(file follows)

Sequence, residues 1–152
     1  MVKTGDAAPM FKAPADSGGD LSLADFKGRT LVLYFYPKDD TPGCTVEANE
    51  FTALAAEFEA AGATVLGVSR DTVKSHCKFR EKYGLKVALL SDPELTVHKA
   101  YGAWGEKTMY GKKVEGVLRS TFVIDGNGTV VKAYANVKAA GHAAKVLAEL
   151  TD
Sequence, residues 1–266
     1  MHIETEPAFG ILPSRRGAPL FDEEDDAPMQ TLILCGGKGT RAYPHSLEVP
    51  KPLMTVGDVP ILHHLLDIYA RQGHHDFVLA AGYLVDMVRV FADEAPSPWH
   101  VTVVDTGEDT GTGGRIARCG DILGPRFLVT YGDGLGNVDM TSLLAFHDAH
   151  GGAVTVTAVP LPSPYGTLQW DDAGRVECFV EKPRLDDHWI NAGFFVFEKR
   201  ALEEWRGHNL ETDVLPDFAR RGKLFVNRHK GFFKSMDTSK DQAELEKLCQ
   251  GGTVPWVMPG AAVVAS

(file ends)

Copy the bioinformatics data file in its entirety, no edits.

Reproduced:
Sequence, residues 1–152
     1  MVKTGDAAPM FKAPADSGGD LSLADFKGRT LVLYFYPKDD TPGCTVEANE
    51  FTALAAEFEA AGATVLGVSR DTVKSHCKFR EKYGLKVALL SDPELTVHKA
   101  YGAWGEKTMY GKKVEGVLRS TFVIDGNGTV VKAYANVKAA GHAAKVLAEL
   151  TD
Sequence, residues 1–266
     1  MHIETEPAFG ILPSRRGAPL FDEEDDAPMQ TLILCGGKGT RAYPHSLEVP
    51  KPLMTVGDVP ILHHLLDIYA RQGHHDFVLA AGYLVDMVRV FADEAPSPWH
   101  VTVVDTGEDT GTGGRIARCG DILGPRFLVT YGDGLGNVDM TSLLAFHDAH
   151  GGAVTVTAVP LPSPYGTLQW DDAGRVECFV EKPRLDDHWI NAGFFVFEKR
   201  ALEEWRGHNL ETDVLPDFAR RGKLFVNRHK GFFKSMDTSK DQAELEKLCQ
   251  GGTVPWVMPG AAVVAS